Moon Seen as Haven for "Beginnings of Life"

Leonard David
May 30, 2001
Earth's moon might be a biological preserve, a celestial cemetery where protolife (the beginnings of life) or fossil extremophiles (tiny organisms that can live in extremely hostile conditions) are awaiting discovery in volcanic shadowed sites.

Permanently shadowed areas on the moon, such as the lunar north and south poles—also believed to be places that harbor quantities of water ice—may contain early forms of life. If so, a go-slow approach to tapping lunar ice reserves for supporting future moon bases is a prudent step, allowing scientists to study this pre-biological bonanza.

A case for returning to the moon to look for lunar protolife was made at the National Space Society's 20th Annual International Space Development Conference held recently in Albuquerque, New Mexico.

Long-standing Debate

"The possibility of protolife in shadowed areas on the moon justifies additional exploration," said Jack Green, a professor of geological sciences at California State University, Long Beach. Protolife in the form of proteinoid microspheres, as well as amino acids, could be lurking in special niches on the moon, he said.

There has been a long-standing debate about the origin of lunar surface features. That debate centers on the role of volcanism versus that of impacting meteorites or comets that have given the moon its beat up and bruised-looking face.

Green is in the camp of those who contend that the majority of major lunar features are volcanic or volcano-tectonic in origin.

Earth Parallels

In making his case, there are many Earth analogs of the volcanic variety, Green said. And he's skinned his shins trekking over some of them to back up his belief. He has studied calderas, large volcanic basins rife with gas vents, like those found in the Galápagos, as well as lava-filled spots in New Zealand, the magma fields of Toba, Sumatra, and off-center volcanoes that dot Aniakchak, Alaska.

Lunar parallels can be found in Alphonsus, Copernicus, Tycho, Wargentin, and crater Schiller on the moon, Green said.

"I believe the central mountains are volcanoes in calderas for the majority of large lunar craters," Green said. Lesser lunar gravity is likely the reason why central mountains in lunar craters are lower than crater rims, he said.

Furthermore, there have been documented bursts of probable sulfur, carbon, hydrogen, and other gases eking from the moon from time to time. These small outbursts add more evidence for lunar volcanism playing a big role in the past, Green said, and coughing up the ingredients for lunar protolife.

Deep Freeze

On neighboring Luna, early Precambrian formaldehyde, methane, ammonia, water ice, carbon dioxide, sulfur and other compounds would possibly persist as ices until the present day, Green said.

Areas on the moon that are perpetually shadowed are also super-deep freezers. Both the north and south poles on the moon offer such climes, as does the interior of the breached central mountain of Copernicus.

"Those ices would last forever, it's so cold," Green said. Prebiotic elements and compounds would not suffer ultraviolet degradation from the sun nor significant evaporation, he said.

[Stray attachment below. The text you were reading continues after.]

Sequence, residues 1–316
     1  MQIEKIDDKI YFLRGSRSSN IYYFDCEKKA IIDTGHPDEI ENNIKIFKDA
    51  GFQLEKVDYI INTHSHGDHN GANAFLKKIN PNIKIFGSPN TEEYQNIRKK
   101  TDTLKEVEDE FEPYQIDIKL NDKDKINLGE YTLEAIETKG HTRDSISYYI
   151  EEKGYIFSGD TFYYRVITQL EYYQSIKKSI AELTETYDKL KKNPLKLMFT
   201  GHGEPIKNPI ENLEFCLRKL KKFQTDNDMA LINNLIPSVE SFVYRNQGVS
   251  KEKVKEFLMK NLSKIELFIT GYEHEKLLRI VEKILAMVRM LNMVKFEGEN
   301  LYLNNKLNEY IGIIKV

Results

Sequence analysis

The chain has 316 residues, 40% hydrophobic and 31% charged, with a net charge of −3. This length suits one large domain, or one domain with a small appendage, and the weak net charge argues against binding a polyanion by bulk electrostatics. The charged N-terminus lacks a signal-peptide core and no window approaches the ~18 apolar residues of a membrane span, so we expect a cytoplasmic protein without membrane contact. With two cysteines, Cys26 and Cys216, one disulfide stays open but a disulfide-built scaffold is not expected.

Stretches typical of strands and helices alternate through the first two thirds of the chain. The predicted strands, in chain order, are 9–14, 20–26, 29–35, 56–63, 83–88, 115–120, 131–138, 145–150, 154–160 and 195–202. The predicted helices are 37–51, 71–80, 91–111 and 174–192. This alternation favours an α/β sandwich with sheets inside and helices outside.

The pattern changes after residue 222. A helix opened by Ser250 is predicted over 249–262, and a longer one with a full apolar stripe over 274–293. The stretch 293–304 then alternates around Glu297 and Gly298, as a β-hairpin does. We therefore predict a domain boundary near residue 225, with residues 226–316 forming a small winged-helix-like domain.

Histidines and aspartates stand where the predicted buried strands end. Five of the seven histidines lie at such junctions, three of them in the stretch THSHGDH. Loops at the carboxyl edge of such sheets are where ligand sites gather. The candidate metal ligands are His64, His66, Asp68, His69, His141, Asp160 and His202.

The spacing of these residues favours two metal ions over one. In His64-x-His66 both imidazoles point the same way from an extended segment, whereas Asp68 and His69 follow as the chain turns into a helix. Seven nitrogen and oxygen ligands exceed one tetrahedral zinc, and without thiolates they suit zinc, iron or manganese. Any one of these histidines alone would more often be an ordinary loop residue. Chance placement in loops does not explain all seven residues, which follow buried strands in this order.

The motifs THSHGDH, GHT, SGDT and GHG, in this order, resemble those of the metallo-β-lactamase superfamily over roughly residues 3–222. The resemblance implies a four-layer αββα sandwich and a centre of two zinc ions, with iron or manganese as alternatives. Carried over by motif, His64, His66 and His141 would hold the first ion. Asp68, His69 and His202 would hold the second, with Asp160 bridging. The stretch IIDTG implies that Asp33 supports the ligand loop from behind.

Lunar volcanic gas plumes from these calderas carry the stuff to create amino acids, protolife forms, and conceivably, fossil extremophiles, Green said. This is especially possible in the early Precambrian when methane, ammonia and formaldehyde were more abundant.

"I'm very careful and not saying Godzilla is going to jump out of a crater. I am dealing with the most conservative protolife, the beginnings of life, that utilizes the ingredients found from gas vents," Green said.

Hands Off?

Green said sending back to the moon more capable orbiters, outfitted with special sensors, is a must. Shadowed lunar craters would be probed from altitude, and a search undertaken to look for vents using high-resolution cameras. Subsequently, on-site geologists would study first-hand the select areas.

The philosophical implications are that volcanism implies the possibility of protolife, in so far as the ingredients for life are in the methane and the ammonia and the carbon dioxide, along with water and sulfur.

"These are the ingredients for life, and the implications are that volcanism implies protolife," Green said.

Could life be present on the moon today?

Green said he is a conservative person. "I've avoided saying life. I try to say the beginnings of life. If you have protolife and you have all this time and the advantages of a lunar shadow environment, there are so many pluses," he said.

"Everything falls into place and it's extremely favorable for life. I don't think it would be anything advanced at all. But it could be the earliest known species, the archaea, or bacteria. This is very possible. I'm not going to say they are alive, I draw the line there. But I do say it is possible because of time. They wouldn't be fried by ultraviolet radiation because they are in shadow. They would be preserved under layers of ejecta, both impact and volcanic ejecta," Green said.

Green said that, while lunar ices are a great resource for future explorers, "you have to be careful that you don't destroy those ices that might contain evidence of protolife. We shouldn't have somebody jump in and try to exploit these ices without being extraordinarily careful."

"I should like to see lunar exploration for 'life' be given a higher priority than it now has. The moon is but a long weekend away from Earth. We have been there. Can we afford not to return?"

(c) 2001

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